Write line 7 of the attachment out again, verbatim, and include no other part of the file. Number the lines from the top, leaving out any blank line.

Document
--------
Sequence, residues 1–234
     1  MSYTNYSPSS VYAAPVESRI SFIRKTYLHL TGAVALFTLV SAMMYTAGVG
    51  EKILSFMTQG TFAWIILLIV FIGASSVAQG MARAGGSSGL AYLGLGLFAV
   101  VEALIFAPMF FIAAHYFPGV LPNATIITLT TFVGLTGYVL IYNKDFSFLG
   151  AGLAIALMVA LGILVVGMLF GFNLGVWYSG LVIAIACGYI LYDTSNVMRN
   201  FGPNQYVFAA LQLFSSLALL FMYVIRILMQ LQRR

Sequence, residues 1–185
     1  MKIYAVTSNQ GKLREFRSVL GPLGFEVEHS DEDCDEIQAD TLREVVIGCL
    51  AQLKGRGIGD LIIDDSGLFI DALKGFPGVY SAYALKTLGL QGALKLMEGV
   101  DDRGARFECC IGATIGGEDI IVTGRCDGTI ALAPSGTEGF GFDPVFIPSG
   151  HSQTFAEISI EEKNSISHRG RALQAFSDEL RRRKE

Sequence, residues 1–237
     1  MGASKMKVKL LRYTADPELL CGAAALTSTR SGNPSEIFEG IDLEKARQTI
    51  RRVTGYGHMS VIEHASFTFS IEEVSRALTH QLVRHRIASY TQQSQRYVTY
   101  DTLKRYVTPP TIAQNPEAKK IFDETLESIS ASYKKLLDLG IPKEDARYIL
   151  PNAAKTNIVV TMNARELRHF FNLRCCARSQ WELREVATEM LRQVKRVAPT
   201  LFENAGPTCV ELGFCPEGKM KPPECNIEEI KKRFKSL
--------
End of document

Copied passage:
Sequence, residues 1–185